México City, 13 October 2010 - By the year 2050, the world’s population will have grown by 50%, mostly concentrated in urban areas. By that same year, we will also need to cut greenhouse gas emissions by 50% in order to keep climate change in check. “I call this the 50-50-50 challenge” said Cynthia Scharf, representative of the Secretary General’s Global Sustainability Panel and Climate Change Support Team, in her opening remarks last Wednesday.

Ms. Scharf was one of several high profile panelists who made opening statements at a conference on Population Dynamics and Climate Change II: Building for Adaptation, convened by United Nations Fund for Population Activities (UNFPA), International Institute for Environment and Development (IIED) and El Colegio de Mèxico, Center for Demographic, Urban and Environment Studies (CEDUA) in México City. Other panelists reiterated these same challenges, arguing for the need to integrate population dynamics and demographic information with climate change adaptation.

The opening ceremony kicked off a three-day event (13 to 15 October) that incorporated presentations from academics, policy makers and practitioners exploring the importance of population dynamics for climate change.

The concept of population dynamics goes beyond population size and growth rate. Population-related information includes fertility rates, migration patterns, spatial distribution, age structure, household size and composition, race and ethnicity, and gender. Understanding population dynamics can provide a more detailed and disaggregated picture of stakeholder groups, since many communities and constituents are not homogenous, particularly when it comes to vulnerability to climate change.

A pre-meeting framework paper entitled Populating Adaptation: Incorporating Demographic Dynamics in Climate Change Adaptation Policy and Practice (by Daniel Schensul, UNFPA and David Dodman, IIED) makes the case that “without better consideration of the limitations of current understandings of vulnerability and adaptation, and the incorporation of an understanding of population dynamics in addressing these limitations, adaptation policies and programmes will increasingly fall short of their intended outcomes.”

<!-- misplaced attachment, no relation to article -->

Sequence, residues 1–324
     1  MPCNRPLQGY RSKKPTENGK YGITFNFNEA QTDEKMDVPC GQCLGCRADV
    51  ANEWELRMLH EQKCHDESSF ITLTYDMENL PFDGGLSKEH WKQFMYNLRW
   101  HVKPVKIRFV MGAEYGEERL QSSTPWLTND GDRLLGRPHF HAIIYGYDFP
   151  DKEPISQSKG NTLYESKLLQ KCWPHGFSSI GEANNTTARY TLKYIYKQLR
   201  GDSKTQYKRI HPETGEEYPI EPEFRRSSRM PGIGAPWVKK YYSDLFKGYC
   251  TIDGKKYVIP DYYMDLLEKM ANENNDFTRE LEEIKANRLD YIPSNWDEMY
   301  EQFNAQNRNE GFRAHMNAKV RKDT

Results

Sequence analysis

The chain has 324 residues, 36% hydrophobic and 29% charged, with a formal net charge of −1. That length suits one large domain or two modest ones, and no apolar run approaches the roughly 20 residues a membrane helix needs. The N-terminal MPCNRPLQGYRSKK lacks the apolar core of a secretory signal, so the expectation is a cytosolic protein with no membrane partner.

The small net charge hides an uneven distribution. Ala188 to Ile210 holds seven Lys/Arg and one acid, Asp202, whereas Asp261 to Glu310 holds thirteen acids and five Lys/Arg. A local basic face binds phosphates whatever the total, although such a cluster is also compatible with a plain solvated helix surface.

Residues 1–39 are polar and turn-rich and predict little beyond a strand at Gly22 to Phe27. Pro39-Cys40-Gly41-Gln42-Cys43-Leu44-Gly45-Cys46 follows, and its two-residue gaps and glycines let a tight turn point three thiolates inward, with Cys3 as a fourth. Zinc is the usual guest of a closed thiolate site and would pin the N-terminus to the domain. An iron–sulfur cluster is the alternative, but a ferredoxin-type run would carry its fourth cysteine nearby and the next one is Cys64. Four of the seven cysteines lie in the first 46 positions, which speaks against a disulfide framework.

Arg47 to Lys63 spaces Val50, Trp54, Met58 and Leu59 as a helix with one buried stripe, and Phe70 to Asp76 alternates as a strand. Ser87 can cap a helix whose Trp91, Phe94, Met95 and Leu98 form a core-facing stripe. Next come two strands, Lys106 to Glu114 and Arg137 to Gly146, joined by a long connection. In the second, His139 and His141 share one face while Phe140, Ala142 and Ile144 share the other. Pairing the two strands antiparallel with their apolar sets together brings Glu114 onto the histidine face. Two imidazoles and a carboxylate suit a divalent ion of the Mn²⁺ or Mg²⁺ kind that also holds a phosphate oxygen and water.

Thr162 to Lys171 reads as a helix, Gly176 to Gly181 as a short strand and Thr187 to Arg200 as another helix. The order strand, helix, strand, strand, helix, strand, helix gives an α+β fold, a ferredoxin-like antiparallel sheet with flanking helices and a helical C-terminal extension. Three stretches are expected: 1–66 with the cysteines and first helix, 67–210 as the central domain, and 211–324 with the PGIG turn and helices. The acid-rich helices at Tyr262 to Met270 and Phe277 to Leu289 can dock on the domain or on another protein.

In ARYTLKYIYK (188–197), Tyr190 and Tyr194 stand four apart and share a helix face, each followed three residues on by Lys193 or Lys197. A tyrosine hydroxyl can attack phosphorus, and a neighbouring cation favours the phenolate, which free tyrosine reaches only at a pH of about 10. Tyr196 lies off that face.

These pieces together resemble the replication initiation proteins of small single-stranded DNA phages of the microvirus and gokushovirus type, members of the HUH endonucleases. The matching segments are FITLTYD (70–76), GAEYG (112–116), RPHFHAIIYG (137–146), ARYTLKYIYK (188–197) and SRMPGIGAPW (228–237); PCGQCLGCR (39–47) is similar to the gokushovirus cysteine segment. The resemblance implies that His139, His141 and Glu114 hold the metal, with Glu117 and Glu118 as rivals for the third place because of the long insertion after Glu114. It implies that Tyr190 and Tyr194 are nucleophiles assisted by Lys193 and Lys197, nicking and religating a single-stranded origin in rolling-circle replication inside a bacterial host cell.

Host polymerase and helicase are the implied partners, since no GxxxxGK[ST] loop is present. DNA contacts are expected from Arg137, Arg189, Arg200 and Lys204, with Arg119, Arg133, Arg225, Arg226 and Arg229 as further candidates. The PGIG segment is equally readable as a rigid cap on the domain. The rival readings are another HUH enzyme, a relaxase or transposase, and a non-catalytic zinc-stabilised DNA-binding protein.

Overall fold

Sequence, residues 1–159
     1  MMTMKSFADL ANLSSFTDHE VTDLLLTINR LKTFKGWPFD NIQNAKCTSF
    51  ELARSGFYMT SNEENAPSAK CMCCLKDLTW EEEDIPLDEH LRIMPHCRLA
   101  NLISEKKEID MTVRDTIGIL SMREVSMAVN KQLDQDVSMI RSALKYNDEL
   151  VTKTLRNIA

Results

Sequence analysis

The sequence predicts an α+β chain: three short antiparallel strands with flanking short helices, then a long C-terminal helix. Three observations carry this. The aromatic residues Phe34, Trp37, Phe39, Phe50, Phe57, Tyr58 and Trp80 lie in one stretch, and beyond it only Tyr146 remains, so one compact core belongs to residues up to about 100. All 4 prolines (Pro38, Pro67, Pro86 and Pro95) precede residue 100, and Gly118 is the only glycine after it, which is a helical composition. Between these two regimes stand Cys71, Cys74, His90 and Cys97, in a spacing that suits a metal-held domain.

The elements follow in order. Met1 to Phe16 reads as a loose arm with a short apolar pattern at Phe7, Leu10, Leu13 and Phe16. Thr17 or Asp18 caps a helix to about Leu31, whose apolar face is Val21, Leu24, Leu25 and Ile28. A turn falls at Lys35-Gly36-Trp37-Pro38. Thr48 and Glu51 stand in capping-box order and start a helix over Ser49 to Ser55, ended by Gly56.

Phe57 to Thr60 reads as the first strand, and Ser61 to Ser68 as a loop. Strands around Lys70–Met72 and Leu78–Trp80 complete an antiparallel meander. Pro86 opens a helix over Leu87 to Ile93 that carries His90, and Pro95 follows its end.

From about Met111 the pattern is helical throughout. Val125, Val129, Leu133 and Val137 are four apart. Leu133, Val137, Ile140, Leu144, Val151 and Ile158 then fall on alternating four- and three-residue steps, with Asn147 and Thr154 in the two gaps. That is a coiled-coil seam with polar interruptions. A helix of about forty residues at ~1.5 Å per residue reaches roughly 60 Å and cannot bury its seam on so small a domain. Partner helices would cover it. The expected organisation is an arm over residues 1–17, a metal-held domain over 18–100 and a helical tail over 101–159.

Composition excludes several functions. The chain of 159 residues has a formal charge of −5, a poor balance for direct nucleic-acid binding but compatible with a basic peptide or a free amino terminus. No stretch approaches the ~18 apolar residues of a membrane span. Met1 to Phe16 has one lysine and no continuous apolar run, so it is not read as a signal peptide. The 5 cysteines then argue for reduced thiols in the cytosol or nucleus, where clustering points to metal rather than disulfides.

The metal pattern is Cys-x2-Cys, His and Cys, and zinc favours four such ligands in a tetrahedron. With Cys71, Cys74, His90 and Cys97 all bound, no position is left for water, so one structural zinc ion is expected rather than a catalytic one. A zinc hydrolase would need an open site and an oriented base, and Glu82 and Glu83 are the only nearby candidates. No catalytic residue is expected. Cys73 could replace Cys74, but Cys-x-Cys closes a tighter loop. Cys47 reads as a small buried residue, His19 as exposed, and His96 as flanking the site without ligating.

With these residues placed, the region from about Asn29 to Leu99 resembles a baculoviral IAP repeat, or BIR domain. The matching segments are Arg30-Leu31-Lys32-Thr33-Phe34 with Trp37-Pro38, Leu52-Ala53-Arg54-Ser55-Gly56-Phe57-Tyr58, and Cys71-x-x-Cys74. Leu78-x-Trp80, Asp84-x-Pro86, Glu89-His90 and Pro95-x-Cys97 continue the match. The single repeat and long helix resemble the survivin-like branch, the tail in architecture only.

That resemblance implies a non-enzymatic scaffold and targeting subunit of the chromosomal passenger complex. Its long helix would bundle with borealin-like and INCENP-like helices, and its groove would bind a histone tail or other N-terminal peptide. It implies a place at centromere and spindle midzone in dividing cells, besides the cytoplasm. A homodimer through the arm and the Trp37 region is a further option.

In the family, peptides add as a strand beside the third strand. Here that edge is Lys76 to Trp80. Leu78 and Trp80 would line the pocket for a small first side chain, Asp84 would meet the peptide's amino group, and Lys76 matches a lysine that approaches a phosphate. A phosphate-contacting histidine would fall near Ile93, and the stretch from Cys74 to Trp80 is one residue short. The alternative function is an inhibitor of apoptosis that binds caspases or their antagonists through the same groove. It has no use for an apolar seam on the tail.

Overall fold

This point is particularly relevant to the Africa Adaptation Programme (AAP), a flagship programme of UNDP with funding from Japan. The AAP supports 20 countries in Africa in the development of their capability to design and implement holistic climate change adaptation and disaster risk reduction programmes that are aligned with national development priorities. Understanding vulnerability of national populations, and the potential shifts in future populations, is essential for developing targeted policies and capacities to develop resilience.

“Population dynamics is definitively an important aspect decision makers in Africa need to take into account in order to make informed decisions in relation to climate changes,” said AAP Knowledge Management Specialist, Jose Levy, who gave a presentation on AAP during the meeting. “However, translation of these needs into concrete actions still needs to be organized,” he said.

In outlining the case for the importance of population dynamics in climate change adaptation, the framework paper, Populating Adaptation, presented three arguments. First, population projections can provide reliable scenarios with regards to the size and composition of the population in the future, with important implications for climate policy. Second, population issues are closely linked to economic and social development, affecting formal and informal economic development, access to social safety nets and services, needs in education, dependency ratios and other key components of development which all provide indirect opportunities for adaptation. Third, some population dynamics provide a direct foundation for adaptation actions, such as migration and gender.

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According to the framework paper, “Incorporating population dynamics into adaptation can help in understanding who is most vulnerable, why, and how to target policies to decrease that vulnerability.”

In order to design the concrete actions needed to illustrate these linkages, Mr. Levy described the AAP as presenting an important opportunity, and identified several possible entry points for integrating population dynamics and climate change adaptation work under the AAP. These suggestions included advocacy for building linkages between population dynamics and climate change, access to information and population data to support policy development, focusing interventions on socio‐economic issues related to population, and guidance on integrating population issues into policies and strategies.

“The AAP provides an excellent opportunity and a port of entry for integration of population dynamics issues and dissemination of key messages in 20 African countries where the AAP is already operating,” said Mr. Levy.

“Population is one of the critical elements influencing our efforts towards sustainable human development,” says Veerle Vandeweerd, Director of UNDP’s Environment and Energy Group. “UNDP hopes to strengthen its collaboration with the U.N. Fund for Population Activities (UNFPA) and its partners, particularly around the AAP, in order to build the evidence for the importance of linking population dynamics and climate change adaptation on the ground,” she says.

For more information on the Africa Adaptation Programme, please contact Mihoko Kumamoto at: <a href="mailto:Mihoko.kumamoto@undp.org ">Mihoko.kumamoto@undp.org </a> at the United Nations Development Programme in New York or Ian Rector at: <a href="mailto:ian.rector@undp.org">ian.rector@undp.org</a> in Dakar, or visit
http://www.undp-adaptation.org/africaprogramme/